Smith: So we met with him a couple of times before he said, “I don't think you should do this restaurant model. Why don’t we work together?” I think he really responded to second chances and stories.
Cuscuna: When we met him, we were in a very precarious spot. We knew we had something, but we were also fresh from coming out of a loss that was huge. He was very understanding, empathetic, and I would call him to talk me off the ledge, because he went through it. It’s also nice to have a successful businessperson tell us that this kind of thing can happen, you can bounce back.
How are you running The Social differently?
Smith: We have an outsourced finance team that’s running the reports from the beginning. Before we ever opened, I sat down and went through what my COGS — costs of goods sold — were for the different flavors of ice cream. When we started Ample Hills, we were taking bags of money, uncounted, over to the bank. I didn’t even know the term “COGS” when we opened.
Cuscuna: Same for me for labor costs. That wasn’t something that I was personally involved in. Now, I’m pretty obsessed.
Has your approach to growth changed?
Smith: Yeah. Our plan is to try to open up a couple more shops, either next year or the year after. We’re going to be much more focused on the brick-and-mortar experience. We were chasing wholesale pint distribution with Disney way too early. If you’re an ice cream business starting out and trying to grow, pints are the quickest way to the deathbed, because the margins are so low. It only works with really high volume. So we need to establish a strong business in our stores, and eventually have that turn to pints down the road.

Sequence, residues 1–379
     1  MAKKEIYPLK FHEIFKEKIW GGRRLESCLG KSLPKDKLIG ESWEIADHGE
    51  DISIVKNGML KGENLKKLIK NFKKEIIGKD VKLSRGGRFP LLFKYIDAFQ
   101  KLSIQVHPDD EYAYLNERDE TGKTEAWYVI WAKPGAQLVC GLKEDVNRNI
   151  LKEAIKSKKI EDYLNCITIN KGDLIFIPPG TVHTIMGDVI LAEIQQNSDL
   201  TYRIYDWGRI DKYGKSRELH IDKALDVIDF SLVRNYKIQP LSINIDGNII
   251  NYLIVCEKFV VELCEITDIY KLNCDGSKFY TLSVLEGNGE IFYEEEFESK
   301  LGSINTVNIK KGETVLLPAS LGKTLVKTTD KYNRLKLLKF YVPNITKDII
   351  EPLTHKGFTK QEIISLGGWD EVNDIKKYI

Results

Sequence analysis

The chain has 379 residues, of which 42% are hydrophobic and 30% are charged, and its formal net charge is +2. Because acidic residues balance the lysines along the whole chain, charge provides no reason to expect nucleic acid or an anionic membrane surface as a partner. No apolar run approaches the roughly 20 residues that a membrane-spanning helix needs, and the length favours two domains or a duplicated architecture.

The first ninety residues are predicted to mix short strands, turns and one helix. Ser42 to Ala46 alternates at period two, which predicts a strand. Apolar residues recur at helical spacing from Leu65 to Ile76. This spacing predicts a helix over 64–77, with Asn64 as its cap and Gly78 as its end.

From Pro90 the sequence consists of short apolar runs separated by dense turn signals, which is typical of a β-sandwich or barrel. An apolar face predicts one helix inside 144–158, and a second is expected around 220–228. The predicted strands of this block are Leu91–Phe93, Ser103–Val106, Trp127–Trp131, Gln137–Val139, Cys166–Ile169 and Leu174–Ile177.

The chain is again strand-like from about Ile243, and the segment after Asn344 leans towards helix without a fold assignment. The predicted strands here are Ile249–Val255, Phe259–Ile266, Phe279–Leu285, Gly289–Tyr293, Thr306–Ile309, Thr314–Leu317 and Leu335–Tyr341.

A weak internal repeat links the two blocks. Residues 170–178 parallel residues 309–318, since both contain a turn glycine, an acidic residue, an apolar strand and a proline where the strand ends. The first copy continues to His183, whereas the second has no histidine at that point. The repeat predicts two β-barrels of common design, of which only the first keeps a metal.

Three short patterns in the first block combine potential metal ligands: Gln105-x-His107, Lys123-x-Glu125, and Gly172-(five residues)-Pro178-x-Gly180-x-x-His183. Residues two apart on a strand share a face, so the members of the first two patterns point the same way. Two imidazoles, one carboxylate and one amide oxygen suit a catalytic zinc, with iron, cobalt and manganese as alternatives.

Ample Hills’s brand doesn’t seem to have depended on you — lines were around the block at their new shop in Brooklyn. How important is brand identity and how much of it is just that if the ice cream is really good, the rest takes care of itself?
Smith: I do think that for a good portion of people, if the ice cream is really great, then all the rest of it is window dressing. But I don’t think people really know why they respond to something — they’re responding to a whole package whether they know it or not. And we have to get up in the morning and want to go to work. And that’s all wrapped up in a package — it’s not just ice cream.